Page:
5 Meal-Timing Myths Exposed
Share the truths that debunk myths about meal timing to guide clients toward meeting their goals.
The top five meal-timing myths cluster around the value of fasting compared with eating frequent small meals in relation to metabolism, muscle mass and body composition. Overlay these elements with the realities of client goals, lifestyles and sustainability, and you can see why myths arise. Once you uncover the truth about meal frequency, you will be empowered to confidently discuss the general health relevance of meal frequency and fasting with your clients.
Myth #1: Meal Frequency Improves Metabolism
Available literature states pretty firmly that increasing your meal frequency does not have a metabolic advantage. It’s important to reiterate to your clients that if increasing the frequency of their meals helps them attain calorie goals, great! But if they have a hard time with meal planning and counting calories, this method may do more harm than good.
Myth #2: Fasting Is Best for Fat Metabolism
Fasting will, by the laws of energy metabolism, increase the amount of energy being utilized from fat. However, intermittent fasting isn’t the only way to tap into fat metabolism. Caloric restriction has been shown time and time again to increase fat mobilization, especially in combination with exercise (Cherif et al. 2016).
Fasting protocols may be beneficial for some populations and not for others. For some populations, fasting can be a great alternative to stay on the path to attaining calorie goals. However, especially for very active clients or athletes, there may be performance repercussions.
Myth #3: Increased Meal Frequency = Reduced Hunger
The research is not definitive. Increasing meal frequency to a level that is higher than what you are used to may actually increase your hunger, according to some reports (Ohkawara et al. 2013). Overall, this is directly associated with BMI (body mass index). Research shows that, on average, as BMI increases, circulating ghrelin levels decrease—while circulating leptin levels increase (Monti et al. 2006).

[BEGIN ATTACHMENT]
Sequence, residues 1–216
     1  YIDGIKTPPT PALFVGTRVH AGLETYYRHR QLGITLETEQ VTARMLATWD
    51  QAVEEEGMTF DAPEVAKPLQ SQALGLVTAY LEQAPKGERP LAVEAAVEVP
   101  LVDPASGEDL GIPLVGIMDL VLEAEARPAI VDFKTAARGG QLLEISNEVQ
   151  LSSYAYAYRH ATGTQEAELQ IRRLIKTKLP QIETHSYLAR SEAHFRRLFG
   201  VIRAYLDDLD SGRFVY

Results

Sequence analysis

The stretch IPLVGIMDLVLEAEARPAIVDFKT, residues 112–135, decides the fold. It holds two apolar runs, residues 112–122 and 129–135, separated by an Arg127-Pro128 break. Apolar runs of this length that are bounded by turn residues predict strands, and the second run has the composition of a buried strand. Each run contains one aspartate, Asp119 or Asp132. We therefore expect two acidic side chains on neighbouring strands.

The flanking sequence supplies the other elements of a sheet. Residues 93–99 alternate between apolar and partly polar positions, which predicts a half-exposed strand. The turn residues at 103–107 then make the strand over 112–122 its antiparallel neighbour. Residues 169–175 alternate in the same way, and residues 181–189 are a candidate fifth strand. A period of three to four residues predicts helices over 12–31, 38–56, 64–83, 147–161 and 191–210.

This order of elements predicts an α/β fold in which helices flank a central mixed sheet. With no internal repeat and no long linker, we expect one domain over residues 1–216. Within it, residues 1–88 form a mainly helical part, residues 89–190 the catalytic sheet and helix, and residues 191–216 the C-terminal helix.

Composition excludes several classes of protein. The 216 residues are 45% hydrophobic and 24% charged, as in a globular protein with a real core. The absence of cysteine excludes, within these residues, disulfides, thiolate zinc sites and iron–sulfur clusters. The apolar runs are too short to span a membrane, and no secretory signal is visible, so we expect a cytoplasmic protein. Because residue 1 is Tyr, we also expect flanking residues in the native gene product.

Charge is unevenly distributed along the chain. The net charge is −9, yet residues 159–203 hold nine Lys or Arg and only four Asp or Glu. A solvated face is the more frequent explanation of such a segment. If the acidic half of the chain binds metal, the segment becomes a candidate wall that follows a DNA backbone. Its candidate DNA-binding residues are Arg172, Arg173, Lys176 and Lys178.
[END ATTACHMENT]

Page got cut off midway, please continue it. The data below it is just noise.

Since many factors regulate hunger hormones, it may be best to focus on diet quality and caloric targets instead of eating patterns.
Myth #4: Meal Frequency Changes Body Composition
Currently, the evidence does not support an added benefit of increased meal frequency for long-term body composition goals. For a lower-calorie diet, a pattern of eating fewer meals may reduce the risk of underreporting food intake.
In general, if clients are trying to lose weight, lowering meal frequency may be helpful because it allows fewer opportunities to eat. However, if the goal is to increase mass, build muscle or hone physique, eating more frequently may be a better approach to help spread out needed calories.
Myth #5: Nutrient Timing is Critical
Timing the consumption of specific nutrients can be an important way for athletes to ensure that their protein or carbohydrate intake is enough to support muscle recovery and to replenish energy stores. But for most people trying to look and feel better, adopting this strategy could overcomplicate an already difficult and demanding lifestyle shift.
Timing our food intake is more of the cherry-on-top of eating patterns. The first step is to focus on overall energy goals, macronutrient aims and exercises that support muscular fitness (for optimal body composition). The timing of nutrients can then be introduced in more specialized discussions once tracking, calories and macronutrients are in place.
See also: Myths About Meal Timing and Frequency
Lifestyle Rules Eating Patterns
If you’re a dietitian or health coach working with clients, it’s certain that you will get questions related to meal frequency. The bottom line is that many client goals may be attained by limiting the number of calories being consumed. Caloric restriction—whether from one meal or five—helps clients stay on target. We need to motivate clients to decide on the right meal pattern for them, as part of a plan that supports them both physically and mentally.
Experts agree that meal patterns should be client-centered and adaptable in order to drive long-term lifestyle change. When trainers understand their clients, build rapport and tailor client needs to goals, both trainers and clients can win.
Cherif, A., et al. 2016. Effects of intermittent fasting, caloric restriction, and Ramadan intermittent fasting on cognitive performance at rest and during exercise in adults. Sports Medicine, 46 (1), 35–47.
Monti, V., et al 2006. Relationship of ghrelin and leptin hormones with body mass index and waist circumference in a random sample of adults. Journal of the American Dietetic Association, 106 (6), 822–28.
Ohkawara, K., et al. 2013. Effects of increased meal frequency on fat oxidation and perceived hunger. Obesity, 21 (2), 336–43.